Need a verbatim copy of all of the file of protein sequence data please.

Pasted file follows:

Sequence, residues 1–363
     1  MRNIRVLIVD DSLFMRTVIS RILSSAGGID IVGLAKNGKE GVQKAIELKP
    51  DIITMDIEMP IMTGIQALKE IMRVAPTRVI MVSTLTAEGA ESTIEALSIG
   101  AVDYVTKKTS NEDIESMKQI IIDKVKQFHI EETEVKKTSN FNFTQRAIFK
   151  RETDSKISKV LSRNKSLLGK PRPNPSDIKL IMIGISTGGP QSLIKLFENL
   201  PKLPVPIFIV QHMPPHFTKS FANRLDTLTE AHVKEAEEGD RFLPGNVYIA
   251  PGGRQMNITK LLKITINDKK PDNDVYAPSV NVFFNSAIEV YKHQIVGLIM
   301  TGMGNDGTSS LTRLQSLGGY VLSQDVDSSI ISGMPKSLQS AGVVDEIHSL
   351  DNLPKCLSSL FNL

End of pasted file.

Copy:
Sequence, residues 1–363
     1  MRNIRVLIVD DSLFMRTVIS RILSSAGGID IVGLAKNGKE GVQKAIELKP
    51  DIITMDIEMP IMTGIQALKE IMRVAPTRVI MVSTLTAEGA ESTIEALSIG
   101  AVDYVTKKTS NEDIESMKQI IIDKVKQFHI EETEVKKTSN FNFTQRAIFK
   151  RETDSKISKV LSRNKSLLGK PRPNPSDIKL IMIGISTGGP QSLIKLFENL
   201  PKLPVPIFIV QHMPPHFTKS FANRLDTLTE AHVKEAEEGD RFLPGNVYIA
   251  PGGRQMNITK LLKITINDKK PDNDVYAPSV NVFFNSAIEV YKHQIVGLIM
   301  TGMGNDGTSS LTRLQSLGGY VLSQDVDSSI ISGMPKSLQS AGVVDEIHSL
   351  DNLPKCLSSL FNL